At the Orbital Robotic Interaction, On-orbit servicing, and Navigation (ORION) lab, multiple of space-related research projects are underway, led by Markus Wilde, aerospace, physics and space sciences associate professor.
One of the current projects is a parabolic flight experiment funded by NASA, called the “Autonomous Multi-Cycle Farming System”. The team, consisting of Wilde, mechanical and civil engineering assistant professor Hamidreza Najafi, and aerospace, mechanical engineering and computer science student researchers, took a 2020 Senior Design project, a modified 3D printer to implant and nurture plant seeds into water-filled feed trays in space, and are turning it into an experiment for a parabolic flight. Brian Kish, aerospace, physics and space sciences associate professor is supporting the project with flight testing. According to Wilde, the feed trays have been successful in growing plants and the team plans to fly in late November or early December this year.
“What we are going to show with that parabolic flight is that the planting mechanism works fine in microgravity, and that the system is able to function through changes from zero gravity to 2Gs,” Wilde said. “The cool thing is that these parabolic flights also provide Martian gravity and moon gravity, so we’re going to be able to show the system works on orbit, on the moon and on Mars.”
Another key element of the research is finding out if the liquid feed system works in zero gravity. Without gravitational pull, water will form into balls and clinging to the walls of a container, which would be harmful to the growth of the plants in the feed tray. To combat that, the team put metal mesh at the bottom of the 3D printed trays so the water will stick to the mesh and allow the plants to grow through the flexible plastic crosshatch hole at the top. The team are also engineering an air-pressurized system that will remove the fully-grown plants from the trays, creating an end-to-end process that will streamline the process for astronauts. Wilde is hopeful of the plants growing in a weightless environment, which would be beneficial to space harvesters.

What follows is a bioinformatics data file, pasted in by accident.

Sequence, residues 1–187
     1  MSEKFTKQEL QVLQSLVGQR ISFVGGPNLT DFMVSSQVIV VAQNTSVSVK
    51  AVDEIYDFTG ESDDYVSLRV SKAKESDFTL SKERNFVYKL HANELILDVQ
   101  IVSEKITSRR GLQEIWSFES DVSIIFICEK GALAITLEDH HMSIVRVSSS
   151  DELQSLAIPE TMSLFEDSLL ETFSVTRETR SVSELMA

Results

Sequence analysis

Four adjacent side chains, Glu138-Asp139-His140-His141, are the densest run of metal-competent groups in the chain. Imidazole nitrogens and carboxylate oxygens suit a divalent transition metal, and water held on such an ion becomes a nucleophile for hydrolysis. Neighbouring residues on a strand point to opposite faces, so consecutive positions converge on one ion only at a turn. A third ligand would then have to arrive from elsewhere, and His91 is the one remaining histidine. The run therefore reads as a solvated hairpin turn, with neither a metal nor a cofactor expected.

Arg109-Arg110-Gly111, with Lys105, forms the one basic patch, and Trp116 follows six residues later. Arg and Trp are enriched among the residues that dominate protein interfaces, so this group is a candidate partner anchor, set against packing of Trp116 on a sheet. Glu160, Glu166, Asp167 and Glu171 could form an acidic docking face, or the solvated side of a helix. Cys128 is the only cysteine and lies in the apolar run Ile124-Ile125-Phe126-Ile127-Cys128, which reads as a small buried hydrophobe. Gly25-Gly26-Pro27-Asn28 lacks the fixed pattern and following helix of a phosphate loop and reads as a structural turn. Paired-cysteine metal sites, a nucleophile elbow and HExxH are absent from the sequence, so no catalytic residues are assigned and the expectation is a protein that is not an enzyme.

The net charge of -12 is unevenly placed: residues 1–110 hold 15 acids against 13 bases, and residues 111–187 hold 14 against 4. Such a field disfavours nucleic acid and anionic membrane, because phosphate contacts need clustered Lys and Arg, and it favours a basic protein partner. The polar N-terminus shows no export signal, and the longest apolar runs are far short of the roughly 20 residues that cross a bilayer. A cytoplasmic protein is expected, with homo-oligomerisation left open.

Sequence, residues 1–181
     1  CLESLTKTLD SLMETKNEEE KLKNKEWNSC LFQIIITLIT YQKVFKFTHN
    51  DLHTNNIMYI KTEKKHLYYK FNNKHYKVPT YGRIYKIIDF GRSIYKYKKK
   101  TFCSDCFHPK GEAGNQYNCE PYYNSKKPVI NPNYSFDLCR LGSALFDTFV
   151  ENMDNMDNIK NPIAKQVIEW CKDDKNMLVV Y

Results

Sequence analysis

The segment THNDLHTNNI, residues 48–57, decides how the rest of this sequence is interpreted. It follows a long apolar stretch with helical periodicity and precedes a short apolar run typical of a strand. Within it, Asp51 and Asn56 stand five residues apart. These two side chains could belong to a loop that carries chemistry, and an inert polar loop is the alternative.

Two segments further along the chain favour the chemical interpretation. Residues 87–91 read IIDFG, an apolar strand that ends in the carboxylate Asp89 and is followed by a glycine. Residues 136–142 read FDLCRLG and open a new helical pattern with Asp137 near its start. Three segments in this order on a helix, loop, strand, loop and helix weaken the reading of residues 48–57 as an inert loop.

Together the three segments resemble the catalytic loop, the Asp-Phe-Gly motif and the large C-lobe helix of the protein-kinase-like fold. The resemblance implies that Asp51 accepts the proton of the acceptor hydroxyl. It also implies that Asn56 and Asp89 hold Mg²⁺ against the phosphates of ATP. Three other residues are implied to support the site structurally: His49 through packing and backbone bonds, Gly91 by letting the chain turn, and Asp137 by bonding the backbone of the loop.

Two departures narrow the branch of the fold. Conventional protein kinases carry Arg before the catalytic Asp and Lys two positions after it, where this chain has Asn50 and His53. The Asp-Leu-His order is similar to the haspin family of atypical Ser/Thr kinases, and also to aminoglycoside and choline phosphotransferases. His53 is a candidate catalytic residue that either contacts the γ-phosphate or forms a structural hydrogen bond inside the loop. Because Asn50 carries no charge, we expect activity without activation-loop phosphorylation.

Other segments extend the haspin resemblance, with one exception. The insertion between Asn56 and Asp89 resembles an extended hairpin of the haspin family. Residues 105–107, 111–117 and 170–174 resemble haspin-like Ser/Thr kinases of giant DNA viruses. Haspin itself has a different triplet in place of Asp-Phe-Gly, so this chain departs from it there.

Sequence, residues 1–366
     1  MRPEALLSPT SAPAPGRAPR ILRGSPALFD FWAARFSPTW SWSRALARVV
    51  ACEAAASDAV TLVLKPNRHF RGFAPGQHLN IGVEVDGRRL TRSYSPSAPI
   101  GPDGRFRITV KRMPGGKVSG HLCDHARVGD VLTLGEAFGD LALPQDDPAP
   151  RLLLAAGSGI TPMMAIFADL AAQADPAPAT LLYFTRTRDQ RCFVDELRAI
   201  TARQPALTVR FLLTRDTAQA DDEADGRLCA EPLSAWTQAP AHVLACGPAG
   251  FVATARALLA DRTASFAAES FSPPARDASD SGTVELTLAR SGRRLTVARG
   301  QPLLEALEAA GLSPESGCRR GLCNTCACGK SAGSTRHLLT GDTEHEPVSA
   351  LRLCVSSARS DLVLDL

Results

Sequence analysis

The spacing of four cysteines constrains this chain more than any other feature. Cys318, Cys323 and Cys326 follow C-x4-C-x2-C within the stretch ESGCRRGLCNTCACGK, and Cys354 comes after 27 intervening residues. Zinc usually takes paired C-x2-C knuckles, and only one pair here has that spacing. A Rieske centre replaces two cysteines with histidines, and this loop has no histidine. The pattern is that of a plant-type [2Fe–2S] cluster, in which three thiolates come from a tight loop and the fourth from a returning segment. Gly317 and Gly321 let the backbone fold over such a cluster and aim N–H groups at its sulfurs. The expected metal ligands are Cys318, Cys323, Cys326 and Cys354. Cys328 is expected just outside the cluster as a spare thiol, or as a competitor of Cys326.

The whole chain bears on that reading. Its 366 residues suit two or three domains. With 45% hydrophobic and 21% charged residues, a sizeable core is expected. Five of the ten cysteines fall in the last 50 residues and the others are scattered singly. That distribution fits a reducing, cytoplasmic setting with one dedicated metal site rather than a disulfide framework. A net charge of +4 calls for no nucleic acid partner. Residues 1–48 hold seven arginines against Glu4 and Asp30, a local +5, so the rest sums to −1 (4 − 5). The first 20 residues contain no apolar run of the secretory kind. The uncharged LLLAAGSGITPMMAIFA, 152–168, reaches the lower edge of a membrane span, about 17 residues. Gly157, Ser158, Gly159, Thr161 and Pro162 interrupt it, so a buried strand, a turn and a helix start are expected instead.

“Basically, the seeds are going to dangle in water, so there is no soil in this, no substrate, no cotton balls or anything like that, which makes everything a lot simpler if that works because then you have less maintenance and clean-up to do, and you don’t have to potentially replace that soil during the mission. So it should be a lot easier to actually maintain that and run it for a longer duration,” Wilde said.
During the research, Wilde and the team expanded the seed trays with the hopes of producing more plants, going from 25 seeds each tray to 81 each. Dr. Brian Kish provided preliminary flight testing opportunity on a Florida Tech Flight Test Engineering airplane to see if the seeds would stay in place and if the water would stay in the feed trays during short parabolic hops, giving the team an idea of the mechanism and any tweaks that needed to be done before the main parabolic flight later this year. While doing these preliminary tests, they would redesign their original plans inspired by the senior design project, as the seeds were being smashed inside the feed mechanism. With a new design that mimics a rotary tool, each seed has its own box, which rotates and, in concert with the air-pressured system, pushes the seeds out.
For Wilde, the work he and the team are doing at the ORION lab is all about what it is to be an engineer, utilizing problem solving and working in a multidisciplinary setting.
“That capability, to take a problem, to solve it using the toolset that you learned during college, but also that you learned from experience, that is, for me, the ultimate skill of engineering,” Wilde said.